The Labour Party plans to raise billions of pounds for public services by imposing a financial transactions tax, as part of its manifesto for June's General Election.
Proposals include extending the existing 0.5% stamp duty on shares to other financial assets, including bonds and derivatives, the BBC reports. The tax regime would also be expanded to include market makers.
Shadow chancellor John McDonnell described the plans as a "Robin Hood tax" that would "make the financial sector pay its fair share" after the damage caused by the 2007-08 financial crisis. He has been a long-standing supporter of widening the scope of the tax.
He said: "We bailed out the City ten years ago when the crash came, we poured hundreds of billions of pounds into it. Since then £100bn has been given out in bonuses in the City. So we are asking for a small contribution... to fund our public services."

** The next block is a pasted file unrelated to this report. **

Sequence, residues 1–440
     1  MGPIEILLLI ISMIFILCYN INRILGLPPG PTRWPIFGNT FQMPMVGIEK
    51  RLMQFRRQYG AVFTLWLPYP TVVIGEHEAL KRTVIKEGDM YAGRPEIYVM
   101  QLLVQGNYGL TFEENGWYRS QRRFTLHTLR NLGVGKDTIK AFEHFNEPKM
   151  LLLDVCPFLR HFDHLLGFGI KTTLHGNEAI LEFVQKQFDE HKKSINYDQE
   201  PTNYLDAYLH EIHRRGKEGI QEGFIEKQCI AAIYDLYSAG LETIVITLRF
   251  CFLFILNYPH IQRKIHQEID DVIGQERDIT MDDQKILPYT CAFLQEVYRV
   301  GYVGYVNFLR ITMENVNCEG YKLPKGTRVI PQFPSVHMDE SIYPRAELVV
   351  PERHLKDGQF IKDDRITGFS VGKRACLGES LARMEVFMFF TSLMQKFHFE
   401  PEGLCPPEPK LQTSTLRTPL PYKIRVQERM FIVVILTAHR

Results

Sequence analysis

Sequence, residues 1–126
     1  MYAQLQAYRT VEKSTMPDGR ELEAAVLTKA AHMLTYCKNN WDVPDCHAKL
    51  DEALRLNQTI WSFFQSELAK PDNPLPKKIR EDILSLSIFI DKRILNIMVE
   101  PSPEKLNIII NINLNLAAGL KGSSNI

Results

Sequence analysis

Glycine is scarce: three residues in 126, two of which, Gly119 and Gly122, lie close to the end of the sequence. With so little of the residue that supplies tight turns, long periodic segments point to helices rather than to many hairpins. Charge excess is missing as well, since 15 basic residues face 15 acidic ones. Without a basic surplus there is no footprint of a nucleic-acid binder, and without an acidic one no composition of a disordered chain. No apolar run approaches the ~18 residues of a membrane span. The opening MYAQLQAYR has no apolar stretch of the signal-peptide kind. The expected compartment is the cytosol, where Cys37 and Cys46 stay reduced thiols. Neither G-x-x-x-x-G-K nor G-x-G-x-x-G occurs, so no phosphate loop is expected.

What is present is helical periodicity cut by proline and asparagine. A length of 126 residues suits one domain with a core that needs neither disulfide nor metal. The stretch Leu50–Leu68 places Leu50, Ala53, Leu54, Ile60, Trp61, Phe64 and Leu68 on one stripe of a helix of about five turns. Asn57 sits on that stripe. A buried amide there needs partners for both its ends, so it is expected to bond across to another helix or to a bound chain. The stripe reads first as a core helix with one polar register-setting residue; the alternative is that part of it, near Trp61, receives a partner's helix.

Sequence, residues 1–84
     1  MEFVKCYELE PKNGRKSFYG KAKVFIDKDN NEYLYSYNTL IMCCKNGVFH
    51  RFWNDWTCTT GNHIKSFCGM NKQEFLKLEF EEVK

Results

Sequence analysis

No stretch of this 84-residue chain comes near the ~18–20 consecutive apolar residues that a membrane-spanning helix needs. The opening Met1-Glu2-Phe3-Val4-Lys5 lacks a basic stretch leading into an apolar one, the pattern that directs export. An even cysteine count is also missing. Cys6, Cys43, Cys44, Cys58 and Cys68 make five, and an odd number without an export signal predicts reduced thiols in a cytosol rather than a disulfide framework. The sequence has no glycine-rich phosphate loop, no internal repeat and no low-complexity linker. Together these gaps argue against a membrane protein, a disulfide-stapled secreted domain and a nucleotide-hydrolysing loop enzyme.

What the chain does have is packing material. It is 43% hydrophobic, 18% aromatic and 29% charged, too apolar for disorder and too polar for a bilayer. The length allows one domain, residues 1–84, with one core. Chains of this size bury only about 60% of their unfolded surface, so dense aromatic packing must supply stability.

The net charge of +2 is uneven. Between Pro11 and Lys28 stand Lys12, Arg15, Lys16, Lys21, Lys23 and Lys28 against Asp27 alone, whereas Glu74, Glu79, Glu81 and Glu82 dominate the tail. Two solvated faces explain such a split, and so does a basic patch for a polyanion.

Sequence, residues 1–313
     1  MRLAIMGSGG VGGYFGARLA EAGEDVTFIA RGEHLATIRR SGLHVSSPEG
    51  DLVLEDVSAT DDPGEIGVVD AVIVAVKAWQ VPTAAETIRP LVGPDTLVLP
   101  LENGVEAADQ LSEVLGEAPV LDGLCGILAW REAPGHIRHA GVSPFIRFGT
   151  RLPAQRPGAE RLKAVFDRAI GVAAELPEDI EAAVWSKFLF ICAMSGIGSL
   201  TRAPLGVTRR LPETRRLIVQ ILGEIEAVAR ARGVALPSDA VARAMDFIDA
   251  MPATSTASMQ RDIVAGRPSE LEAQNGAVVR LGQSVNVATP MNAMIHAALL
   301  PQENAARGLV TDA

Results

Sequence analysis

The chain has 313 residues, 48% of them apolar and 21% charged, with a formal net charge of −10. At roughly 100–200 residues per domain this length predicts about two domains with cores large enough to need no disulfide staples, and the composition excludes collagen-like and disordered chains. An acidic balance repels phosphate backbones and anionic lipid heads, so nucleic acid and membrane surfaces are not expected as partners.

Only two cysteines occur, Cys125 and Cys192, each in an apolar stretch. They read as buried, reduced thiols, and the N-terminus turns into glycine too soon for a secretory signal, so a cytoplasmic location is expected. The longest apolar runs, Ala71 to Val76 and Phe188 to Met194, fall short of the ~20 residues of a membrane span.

The party claims the new taxes would raise £26bn over the course of the next Parliament and help curb "speculative computer-driven high frequency trading".
However, the plan will not be welcomed by the City, which is already facing headwinds as the UK enters Brexit negotiations with the EU.
City firms have previously argued a 'Robin Hood' tax would be damaging to London as a financial centre, while warning costs would be passed on to consumers.
In response, McDonnell rejected claims the plans would damage the City, saying the tax was "not about punishing bankers or anything like that" but "tackling a couple of loopholes" in the system, according to the BBC.
A broader financial transactions tax is still being discussed by EU member states, but plans have stalled as countries cannot agree on a framework.
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